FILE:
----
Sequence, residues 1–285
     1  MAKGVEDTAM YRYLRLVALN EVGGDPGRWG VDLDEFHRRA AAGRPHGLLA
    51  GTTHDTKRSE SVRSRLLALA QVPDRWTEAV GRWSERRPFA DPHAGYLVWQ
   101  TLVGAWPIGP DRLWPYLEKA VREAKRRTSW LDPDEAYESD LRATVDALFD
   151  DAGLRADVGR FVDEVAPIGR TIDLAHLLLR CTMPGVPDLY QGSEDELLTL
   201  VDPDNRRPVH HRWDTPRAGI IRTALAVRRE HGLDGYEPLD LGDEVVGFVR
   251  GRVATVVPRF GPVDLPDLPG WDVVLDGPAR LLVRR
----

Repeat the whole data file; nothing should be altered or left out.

Sequence, residues 1–285
     1  MAKGVEDTAM YRYLRLVALN EVGGDPGRWG VDLDEFHRRA AAGRPHGLLA
    51  GTTHDTKRSE SVRSRLLALA QVPDRWTEAV GRWSERRPFA DPHAGYLVWQ
   101  TLVGAWPIGP DRLWPYLEKA VREAKRRTSW LDPDEAYESD LRATVDALFD
   151  DAGLRADVGR FVDEVAPIGR TIDLAHLLLR CTMPGVPDLY QGSEDELLTL
   201  VDPDNRRPVH HRWDTPRAGI IRTALAVRRE HGLDGYEPLD LGDEVVGFVR
   251  GRVATVVPRF GPVDLPDLPG WDVVLDGPAR LLVRR